If airline passengers can draft a customer’s bill of rights, surely we wine drinkers can offer our thoughts about what rights or protections we think we’re entitled to when we buy a bottle of wine.
A couple of subjects immediately come to mind.
Aside from what already exists on wine labels, I’d like to see true alcohol levels, and I wouldn’t mind it if wineries provided more information about the wine itself—utilizing back labels is one way to include more details on bottles.
Anyone who buys a wine that’s corky should be entitled to a complete refund from someone—whether it’s the producer or retailer. No one should pay for something they don’t get, and if you buy a bottle of wine, it should not be tainted. I also think a corked wine should be replaced irrespective of its age, whether it’s a new release or a wine you’ve cellared for years.
We shouldn’t be charged for wines that are cooked or spoiled during shipping, or that are improperly stored somewhere along the distribution or retail channel. This is tricky since once a bottle of wine leaves a winery, or wine store, it can be mistreated and that’s not the fault of the producer or seller. Still, if you buy a wine and open it within a certain time fame—and find it’s spoiled—you should be entitled to a refund.
I also think consumers should be entitled to a stable product, free of microbial or other defects. I know this is a touchy subject. On one hand, we want winemakers to take risks to make the greatest, purest wines possible. Still, we shouldn’t have to pay for their mistakes. If you open a bottle of wine that smells like a horse stable or salad dressing, or a table wine that refermented in the bottle, that’s not right. Something went wrong somewhere in production.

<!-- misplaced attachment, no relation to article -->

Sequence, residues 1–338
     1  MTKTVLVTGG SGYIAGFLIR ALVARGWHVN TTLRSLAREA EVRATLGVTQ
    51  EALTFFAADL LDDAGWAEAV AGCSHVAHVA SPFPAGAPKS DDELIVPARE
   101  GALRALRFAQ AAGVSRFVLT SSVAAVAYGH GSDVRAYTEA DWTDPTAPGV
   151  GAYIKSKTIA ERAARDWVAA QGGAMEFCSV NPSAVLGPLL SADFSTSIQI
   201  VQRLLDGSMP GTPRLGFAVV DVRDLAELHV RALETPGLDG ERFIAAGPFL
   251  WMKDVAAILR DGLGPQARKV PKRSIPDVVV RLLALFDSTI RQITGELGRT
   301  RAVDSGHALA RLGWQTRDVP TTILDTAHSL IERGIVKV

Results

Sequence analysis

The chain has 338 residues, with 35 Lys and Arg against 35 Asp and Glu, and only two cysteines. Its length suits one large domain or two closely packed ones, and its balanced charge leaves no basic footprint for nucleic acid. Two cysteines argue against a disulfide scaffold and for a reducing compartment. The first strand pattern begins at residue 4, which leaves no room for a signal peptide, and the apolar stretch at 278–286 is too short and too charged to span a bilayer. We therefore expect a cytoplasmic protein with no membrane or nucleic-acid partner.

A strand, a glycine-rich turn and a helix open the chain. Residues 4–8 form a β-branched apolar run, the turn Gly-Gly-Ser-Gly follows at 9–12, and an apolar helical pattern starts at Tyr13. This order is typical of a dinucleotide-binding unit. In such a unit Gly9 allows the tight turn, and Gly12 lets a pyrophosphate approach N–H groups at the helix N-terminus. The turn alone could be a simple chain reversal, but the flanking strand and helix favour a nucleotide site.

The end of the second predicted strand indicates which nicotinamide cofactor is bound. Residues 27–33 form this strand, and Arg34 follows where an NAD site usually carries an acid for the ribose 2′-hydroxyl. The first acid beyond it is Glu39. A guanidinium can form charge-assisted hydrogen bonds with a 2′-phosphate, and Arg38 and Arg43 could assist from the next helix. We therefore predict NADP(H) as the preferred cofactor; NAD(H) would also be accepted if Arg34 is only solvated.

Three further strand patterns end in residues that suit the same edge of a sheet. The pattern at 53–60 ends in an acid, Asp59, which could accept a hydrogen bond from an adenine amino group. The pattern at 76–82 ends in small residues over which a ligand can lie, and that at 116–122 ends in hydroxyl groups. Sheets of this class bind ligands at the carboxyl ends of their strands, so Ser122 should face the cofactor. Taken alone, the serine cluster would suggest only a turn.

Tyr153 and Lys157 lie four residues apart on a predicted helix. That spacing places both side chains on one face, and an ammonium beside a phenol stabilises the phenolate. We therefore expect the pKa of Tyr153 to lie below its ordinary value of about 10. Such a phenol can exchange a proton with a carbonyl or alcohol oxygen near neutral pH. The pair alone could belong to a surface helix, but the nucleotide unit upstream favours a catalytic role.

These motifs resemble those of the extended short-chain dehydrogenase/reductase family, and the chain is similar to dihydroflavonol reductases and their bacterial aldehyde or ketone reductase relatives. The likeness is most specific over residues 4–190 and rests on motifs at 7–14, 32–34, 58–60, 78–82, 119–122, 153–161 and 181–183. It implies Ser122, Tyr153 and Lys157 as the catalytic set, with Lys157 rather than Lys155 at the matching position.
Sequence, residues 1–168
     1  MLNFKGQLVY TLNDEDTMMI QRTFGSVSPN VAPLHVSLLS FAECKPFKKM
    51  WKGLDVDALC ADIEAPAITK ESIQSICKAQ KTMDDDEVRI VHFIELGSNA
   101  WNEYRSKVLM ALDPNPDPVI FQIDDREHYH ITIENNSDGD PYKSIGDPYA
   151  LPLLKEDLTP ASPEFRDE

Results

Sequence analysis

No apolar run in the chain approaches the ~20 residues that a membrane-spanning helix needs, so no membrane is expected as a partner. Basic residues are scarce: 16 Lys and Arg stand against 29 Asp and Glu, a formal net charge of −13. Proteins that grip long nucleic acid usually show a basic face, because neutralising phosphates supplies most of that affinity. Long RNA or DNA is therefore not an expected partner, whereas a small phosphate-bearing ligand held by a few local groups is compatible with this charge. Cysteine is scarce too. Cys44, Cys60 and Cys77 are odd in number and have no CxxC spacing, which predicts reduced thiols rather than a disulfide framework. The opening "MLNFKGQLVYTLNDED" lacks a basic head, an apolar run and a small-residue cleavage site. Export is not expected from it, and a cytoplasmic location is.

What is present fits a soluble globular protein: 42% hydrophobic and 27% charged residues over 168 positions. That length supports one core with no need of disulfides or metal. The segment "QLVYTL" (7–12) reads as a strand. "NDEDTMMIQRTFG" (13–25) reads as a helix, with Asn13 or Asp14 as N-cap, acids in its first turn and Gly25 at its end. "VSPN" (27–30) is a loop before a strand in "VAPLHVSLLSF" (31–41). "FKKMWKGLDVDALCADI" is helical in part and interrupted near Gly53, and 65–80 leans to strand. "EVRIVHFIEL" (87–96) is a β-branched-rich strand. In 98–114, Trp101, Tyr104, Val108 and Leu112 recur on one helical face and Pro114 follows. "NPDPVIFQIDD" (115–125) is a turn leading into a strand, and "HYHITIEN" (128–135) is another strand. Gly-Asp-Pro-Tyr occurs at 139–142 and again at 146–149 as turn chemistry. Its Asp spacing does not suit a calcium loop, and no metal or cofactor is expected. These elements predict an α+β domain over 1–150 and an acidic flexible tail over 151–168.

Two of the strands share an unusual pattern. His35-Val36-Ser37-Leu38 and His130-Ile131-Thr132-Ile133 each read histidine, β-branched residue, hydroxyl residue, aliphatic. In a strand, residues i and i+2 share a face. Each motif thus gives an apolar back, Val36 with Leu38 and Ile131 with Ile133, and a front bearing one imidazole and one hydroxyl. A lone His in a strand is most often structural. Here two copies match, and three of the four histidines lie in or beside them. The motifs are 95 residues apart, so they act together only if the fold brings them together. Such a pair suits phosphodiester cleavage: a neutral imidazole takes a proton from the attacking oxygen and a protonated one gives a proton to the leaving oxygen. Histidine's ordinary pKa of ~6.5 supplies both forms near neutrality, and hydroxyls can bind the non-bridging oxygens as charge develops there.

So, let’s get started and see where this goes. If you have a suggestion or idea about how a wine drinker’s bill or rights might look, please share it here. Or if you disagree with a proposal, feel free to express that, too.
If you feel the urge to vent, well, that’s OK, too. (Just keep it civil.) I’d like to hear all sides of this argument and whether you think a consumer’s bill of rights is possible or necessary or helpful or even a waste of time.
Winery owners, winemakers and retailers are interested in your thoughts. I know, because they’ve told me they are and they care about what you think.
Douglas Johnson — Appleton, WI — March 9, 2007 2:12pm ET
Lorenzo Erlic — victoria canada — March 9, 2007 2:22pm ET
Mr Randy Beranek — Napa, CA — March 9, 2007 3:37pm ET
Sao Anash — Santa Barbara — March 9, 2007 4:03pm ET
Susan Owens — March 9, 2007 6:00pm ET
Troy Peterson — Burbank, CA — March 9, 2007 7:23pm ET
Brian Loring — Lompoc, CA — March 9, 2007 7:28pm ET
Roy Piper — Napa, CA. — March 9, 2007 11:48pm ET
Ernie Matherne Jr — Baton Rouge, LA — March 10, 2007 11:54am ET
Scott Cheney — Michigan — March 12, 2007 12:41am ET
Susan Owens — March 12, 2007 10:47am ET
William Newell — Buffalo, NY — March 12, 2007 2:16pm ET
Jared Wagner — Maple Valley, WA — March 12, 2007 2:31pm ET
Scott Cheney — Michigan — March 12, 2007 5:00pm ET
Jared Wagner — Maple Valley, WA — March 13, 2007 12:57pm ET
Jim Mcclure — DFW, Texas — March 13, 2007 6:51pm ET
Jared Wagner — Maple Valley, WA — March 14, 2007 1:04pm ET
Jim Mcclure — DFW, Texas — March 14, 2007 8:04pm ET
Timothy Andrews — Poulsbo, WA — March 18, 2007 1:30pm ET
Robert Johnston — Washington DC — March 23, 2007 9:12am ET
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